The tool 3, usually a lawn mover, usually operates on the principle of random motion within the area A. When its battery charge begins to run down, it reacts in a special way when passing from area A to area B, or vice versa. The control unit takes note of the passage from area A to area B and the tool turns left with the intension of following the search cable 14 in a clockwise direction toward the docking station 2. In the opposite case, i.e., passage from area B to area A, the tool instead turns right with the intension of following the search cable in a clockwise direction. After this initial turn, the tool will change over to a “follow the cable” mode as follows. After the tool has passed from area B over to area A it turns immediately toward the opposite direction and moves back to area B and after moving from area A to area B it turns again and moves toward area A. This pattern will be repeated very frequently. The zigzag motion over the search cable 14 is hardly visible on a lawn, but the result will be that the cutting tool will follow the search cable 14 in the desirable direction clockwise, so that it arrives at the docking station in the docking direction 4. Obviously the search cable 14 will lie in the docking direction 4, at least the adjacent part outside the docking station 2. Hereby is assured that the tool moves straight toward the station. Furthermore, the search cable is drawn over the station a suitable length, i.e., the first connection 14′, so that the tool follows the first connection 14′ up to the docking position. Since the tool is able to separate area A from area B it can also follow the search cable 14 in the desirable direction up to the station. Obviously the search cable could as well be followed in a counterclockwise direction, provided that the counterclockwise connection 14″ instead is drawn in the desirable docking direction 4. Furthermore, it might also be possible for the tool to stand still within the area B during a certain time of the day and night. The tool's microprocessor with a built-in clock is then simply being programmed to stop within the area B when the tool arrives there during the relevant time. Consequently, the above described electronic search system does not imply any docking system, even if docking is the most common application. Obviously the search system could also be combined with other docking systems than the above described.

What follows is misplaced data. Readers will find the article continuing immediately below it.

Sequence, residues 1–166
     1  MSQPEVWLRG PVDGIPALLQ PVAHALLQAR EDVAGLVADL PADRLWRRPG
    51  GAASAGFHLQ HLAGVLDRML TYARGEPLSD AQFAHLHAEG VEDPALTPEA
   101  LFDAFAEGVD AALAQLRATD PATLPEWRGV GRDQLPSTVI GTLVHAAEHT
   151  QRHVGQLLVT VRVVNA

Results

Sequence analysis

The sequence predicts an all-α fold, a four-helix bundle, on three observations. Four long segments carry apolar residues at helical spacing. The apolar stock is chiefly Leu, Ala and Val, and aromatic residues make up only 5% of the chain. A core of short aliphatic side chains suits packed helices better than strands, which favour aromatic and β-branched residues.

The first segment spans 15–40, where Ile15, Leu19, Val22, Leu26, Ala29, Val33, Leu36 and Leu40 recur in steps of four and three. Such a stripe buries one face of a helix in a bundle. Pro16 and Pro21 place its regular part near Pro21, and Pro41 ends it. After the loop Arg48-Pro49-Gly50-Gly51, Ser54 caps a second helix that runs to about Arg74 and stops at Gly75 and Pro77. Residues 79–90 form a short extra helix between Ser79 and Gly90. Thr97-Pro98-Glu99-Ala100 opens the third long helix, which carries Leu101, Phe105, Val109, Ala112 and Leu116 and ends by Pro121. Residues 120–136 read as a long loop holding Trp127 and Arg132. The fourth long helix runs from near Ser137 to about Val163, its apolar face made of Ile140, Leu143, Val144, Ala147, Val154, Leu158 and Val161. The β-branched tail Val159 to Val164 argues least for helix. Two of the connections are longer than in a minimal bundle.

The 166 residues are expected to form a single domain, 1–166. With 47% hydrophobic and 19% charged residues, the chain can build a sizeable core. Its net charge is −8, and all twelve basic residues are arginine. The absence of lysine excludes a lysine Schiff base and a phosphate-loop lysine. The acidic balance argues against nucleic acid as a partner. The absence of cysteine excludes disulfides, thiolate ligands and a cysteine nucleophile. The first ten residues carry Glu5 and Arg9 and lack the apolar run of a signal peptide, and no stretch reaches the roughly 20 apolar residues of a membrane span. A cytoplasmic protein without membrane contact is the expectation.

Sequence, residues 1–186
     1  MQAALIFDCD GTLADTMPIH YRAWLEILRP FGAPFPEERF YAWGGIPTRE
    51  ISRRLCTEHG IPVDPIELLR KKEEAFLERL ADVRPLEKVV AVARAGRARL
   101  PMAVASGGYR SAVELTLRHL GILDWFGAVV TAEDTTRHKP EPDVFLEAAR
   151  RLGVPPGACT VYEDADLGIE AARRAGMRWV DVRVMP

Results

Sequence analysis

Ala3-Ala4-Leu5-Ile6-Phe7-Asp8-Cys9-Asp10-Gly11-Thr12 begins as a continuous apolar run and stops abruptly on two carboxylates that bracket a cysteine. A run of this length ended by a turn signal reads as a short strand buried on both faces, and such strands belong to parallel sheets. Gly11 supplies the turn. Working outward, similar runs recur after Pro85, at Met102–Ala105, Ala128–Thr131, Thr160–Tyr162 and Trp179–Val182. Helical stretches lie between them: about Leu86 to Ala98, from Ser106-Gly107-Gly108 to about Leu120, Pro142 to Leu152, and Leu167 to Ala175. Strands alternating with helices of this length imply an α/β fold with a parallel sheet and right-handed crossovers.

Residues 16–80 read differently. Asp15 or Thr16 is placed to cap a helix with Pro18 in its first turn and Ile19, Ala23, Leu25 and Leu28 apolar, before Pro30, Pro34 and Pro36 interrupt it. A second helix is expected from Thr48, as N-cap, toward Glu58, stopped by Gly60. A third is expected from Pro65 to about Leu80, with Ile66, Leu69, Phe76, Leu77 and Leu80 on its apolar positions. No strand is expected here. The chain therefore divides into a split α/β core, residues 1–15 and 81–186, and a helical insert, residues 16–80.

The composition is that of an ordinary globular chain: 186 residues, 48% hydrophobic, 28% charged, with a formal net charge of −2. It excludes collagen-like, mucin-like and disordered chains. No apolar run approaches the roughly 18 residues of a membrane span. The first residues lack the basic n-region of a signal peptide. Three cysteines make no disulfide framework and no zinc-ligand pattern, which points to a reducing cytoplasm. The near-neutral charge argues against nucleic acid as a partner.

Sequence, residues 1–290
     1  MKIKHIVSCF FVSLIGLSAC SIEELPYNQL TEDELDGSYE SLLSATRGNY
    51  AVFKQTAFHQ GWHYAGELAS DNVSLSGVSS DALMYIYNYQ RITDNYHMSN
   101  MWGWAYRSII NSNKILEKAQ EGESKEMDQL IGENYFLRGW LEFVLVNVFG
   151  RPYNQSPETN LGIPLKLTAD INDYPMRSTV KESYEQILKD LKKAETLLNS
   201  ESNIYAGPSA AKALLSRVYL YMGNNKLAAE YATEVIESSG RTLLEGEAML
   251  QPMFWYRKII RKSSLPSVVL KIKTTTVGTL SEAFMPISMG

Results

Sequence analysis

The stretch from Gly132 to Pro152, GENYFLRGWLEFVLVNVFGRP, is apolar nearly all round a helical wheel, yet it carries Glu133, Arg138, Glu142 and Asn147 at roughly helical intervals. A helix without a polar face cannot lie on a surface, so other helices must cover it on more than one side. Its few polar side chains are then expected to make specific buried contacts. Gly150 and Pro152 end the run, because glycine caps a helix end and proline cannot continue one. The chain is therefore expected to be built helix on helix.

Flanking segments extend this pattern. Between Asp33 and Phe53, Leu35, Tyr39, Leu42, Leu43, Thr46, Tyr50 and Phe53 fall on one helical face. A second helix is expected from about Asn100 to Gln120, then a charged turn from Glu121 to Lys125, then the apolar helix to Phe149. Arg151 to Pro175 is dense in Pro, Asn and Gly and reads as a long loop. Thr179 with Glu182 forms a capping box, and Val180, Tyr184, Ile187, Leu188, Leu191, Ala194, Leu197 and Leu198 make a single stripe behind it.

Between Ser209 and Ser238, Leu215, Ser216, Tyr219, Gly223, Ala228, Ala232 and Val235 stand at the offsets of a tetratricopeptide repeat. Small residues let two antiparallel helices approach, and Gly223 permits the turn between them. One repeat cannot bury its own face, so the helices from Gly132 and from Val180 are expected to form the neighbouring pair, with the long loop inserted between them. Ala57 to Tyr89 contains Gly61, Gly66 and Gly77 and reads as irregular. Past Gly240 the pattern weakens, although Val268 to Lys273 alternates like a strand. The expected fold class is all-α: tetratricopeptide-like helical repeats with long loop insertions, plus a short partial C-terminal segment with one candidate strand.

Because the tool operates at random, it will thus push into the docking station 2 from different directions. Only when the accumulator has to be recharged will the tool follow the docking direction 4 up to the docking station. Preferably the base plate 9 is therefore provided with at least one screening part 12, 13, which protrudes from the base plate and has a height adapted to the tool so that it at least locally is higher than the height of the lower edge of the tool's body, so that the screening part/s together with the rising parts, which also are higher than the lower edge of the body, will prevent the tool from driving up to the first transmission part 5, 6 of the docking station in other docking directions than the intended ones. The tool is so designed that when it runs into a firm object it will reverse. This occurs when it runs into the outer surfaces of the screening parts 12, 13 as well as the transmission head 11. For, by way of the electronic bordering system the tool can drive outside the border cable 19 by approximately three decimeters. As a result, the docking station 2 can be reached by the tool from the side or obliquely from behind. Since the tool will push into the docking station, it is important that the docking station be sufficiently anchored. This can also be accomplished by substantial ballasting of the station, by glueing the station to the floor, by fastening the station to the floor with mounting tape, or by some other known means. As shown in FIGS. 1-3, the cables 14 and 19 are run underground except where they lead over the docking station 2. The second connection 14″ of the search cable as well as one connection of border cable 19 are run along the screening part 12, which protect the cables from damage. The cables are lead up to the signal generator which is located in the transmission head 11.